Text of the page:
All the while, as members of the opposition are picked off one-by-one, the likelihood of them being replaced by new blood is shrinking, as the spaces for cultivating new talent shrink and the cost of getting involved in politics rises ever higher.
It was the first time Chow has been jailed, and she sobbed as the sentence was read out. Both Lam and Wong have been to prison before, and dragged before court even more often.
A day later, another iconic opposition figure, Jimmy Lai — the septuagenarian founder of pro-democracy tabloid Apple Daily — was denied bail after an initial hearing into a fraud case. He will remain behind bars until the next trial date in April.
A new reality
In the past, yesterday’s sentences might have raised questions over the high-profile trio’s political prospects: under Hong Kong law, any prison term greater than three months results in a five-year ban on standing for office.
The law, along with broadly applied coronavirus gathering restrictions, has effectively stifled the protest movement: Hong Kong has not seen anything like the level of demonstrations that rocked the city throughout 2019. The election bans, expulsions from the legislature, and finally the mass resignation of lawmakers have fully curtailed a body that was already struggling to provide any real check on government.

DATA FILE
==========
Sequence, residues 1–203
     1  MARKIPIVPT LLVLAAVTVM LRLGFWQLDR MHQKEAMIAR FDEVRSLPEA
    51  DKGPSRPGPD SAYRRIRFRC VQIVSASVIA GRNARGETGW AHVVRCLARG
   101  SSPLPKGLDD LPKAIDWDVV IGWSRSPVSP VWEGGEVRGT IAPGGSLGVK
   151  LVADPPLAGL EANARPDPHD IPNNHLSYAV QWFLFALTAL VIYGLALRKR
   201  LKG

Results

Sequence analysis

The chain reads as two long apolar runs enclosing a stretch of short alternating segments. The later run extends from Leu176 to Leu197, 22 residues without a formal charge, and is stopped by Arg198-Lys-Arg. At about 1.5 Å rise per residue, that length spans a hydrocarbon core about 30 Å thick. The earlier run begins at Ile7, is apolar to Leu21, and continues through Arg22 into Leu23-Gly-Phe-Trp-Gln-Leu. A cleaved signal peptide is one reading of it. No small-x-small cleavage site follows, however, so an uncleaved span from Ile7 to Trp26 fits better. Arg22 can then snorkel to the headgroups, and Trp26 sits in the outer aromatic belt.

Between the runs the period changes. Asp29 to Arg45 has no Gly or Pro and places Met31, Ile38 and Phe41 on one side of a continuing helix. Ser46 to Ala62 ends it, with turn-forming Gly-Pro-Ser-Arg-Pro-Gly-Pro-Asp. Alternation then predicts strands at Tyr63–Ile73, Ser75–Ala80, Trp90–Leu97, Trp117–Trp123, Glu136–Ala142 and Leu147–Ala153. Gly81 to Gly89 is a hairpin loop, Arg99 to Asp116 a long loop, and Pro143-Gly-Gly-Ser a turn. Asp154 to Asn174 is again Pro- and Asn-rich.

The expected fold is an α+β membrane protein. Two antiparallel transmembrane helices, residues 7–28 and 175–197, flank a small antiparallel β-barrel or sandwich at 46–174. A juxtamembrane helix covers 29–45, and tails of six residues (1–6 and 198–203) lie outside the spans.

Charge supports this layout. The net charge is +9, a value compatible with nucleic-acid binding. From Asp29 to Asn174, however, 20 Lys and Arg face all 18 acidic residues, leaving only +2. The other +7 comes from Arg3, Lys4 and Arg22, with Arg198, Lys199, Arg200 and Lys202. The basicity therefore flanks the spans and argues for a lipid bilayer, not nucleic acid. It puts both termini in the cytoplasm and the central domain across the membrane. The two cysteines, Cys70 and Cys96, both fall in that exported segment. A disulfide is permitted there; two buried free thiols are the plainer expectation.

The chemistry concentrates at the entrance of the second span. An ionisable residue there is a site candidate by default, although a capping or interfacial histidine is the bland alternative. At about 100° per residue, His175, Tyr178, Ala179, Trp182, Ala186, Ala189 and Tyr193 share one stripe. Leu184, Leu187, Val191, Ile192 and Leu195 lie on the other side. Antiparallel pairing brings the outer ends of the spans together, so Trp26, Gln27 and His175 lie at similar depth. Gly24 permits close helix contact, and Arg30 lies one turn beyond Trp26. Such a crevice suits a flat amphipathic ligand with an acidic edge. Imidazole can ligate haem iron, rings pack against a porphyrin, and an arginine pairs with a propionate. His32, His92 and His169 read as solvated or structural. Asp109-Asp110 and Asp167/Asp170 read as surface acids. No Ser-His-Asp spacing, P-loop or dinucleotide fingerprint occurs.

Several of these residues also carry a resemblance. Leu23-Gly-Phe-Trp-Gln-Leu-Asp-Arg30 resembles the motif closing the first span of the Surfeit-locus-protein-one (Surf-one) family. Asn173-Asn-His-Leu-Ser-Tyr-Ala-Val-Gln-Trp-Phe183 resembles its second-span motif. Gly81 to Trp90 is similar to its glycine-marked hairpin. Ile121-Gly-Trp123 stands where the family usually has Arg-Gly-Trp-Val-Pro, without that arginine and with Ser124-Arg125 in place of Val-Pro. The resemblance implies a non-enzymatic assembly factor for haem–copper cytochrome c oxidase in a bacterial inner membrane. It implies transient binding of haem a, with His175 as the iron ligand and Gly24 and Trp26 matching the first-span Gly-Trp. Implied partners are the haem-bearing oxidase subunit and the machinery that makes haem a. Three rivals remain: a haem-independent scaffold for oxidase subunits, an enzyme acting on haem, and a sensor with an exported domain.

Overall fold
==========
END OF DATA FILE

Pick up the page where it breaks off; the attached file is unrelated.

No breeding ground for opposition
The moves by Beijing this year threaten not only to curtail existing opposition, but prevent future figures from coming forward or gaining any support.
Agnes Chow and Joshua Wong did not come out of nowhere. Both started as teenage activists, taking part in, and later leading, street protests and mass demonstrations, before moving more directly into politics.
This helped make them international icons, but also a target for prosecution — and already last year, the movement had switched to a more fluid, leaderless system, in part to avoid having organizers easily picked off.
While some figures did emerge from the 2019 unrest, with the legislature apparently cut off as an avenue for dissent, they lose both a vital source of funding and a platform for greater influence and prominence, both in Hong Kong and abroad.
“What worries the CCP is not the veto Joshua Wong has if he is elected as a LegCo member but his ability to speak to the international community in the capacity of a LegCo member,” Li said. “The CCP worries that people give us the mandate which we will use to unite more people and strengthen the force of resistance.”
“The incoming Biden administration must not only remain critical of the (Chinese Communist) regime but also have the courage to foster a new China policy that prioritizes human rights over other interests,” they wrote. “Hong Kong is at the front lines of the resistance against Beijing’s authoritarianism; what happens there should matter to anyone anywhere who cares about the future of freedom.”
But Law and Chow only have such a platform because of their previous work in Hong Kong itself. Unknown protesters are unlikely to get such treatment — and even sympathetic foreign governments and politicians will be cautious of meeting with those who cannot show evidence of any real constituency.
By moving hard against them now, Beijing may hope that it not only stifles their ability to speak out, but prevents anyone coming forward to replace them.
CNN’s Eric Cheung and Jadyn Sham contributed reporting.
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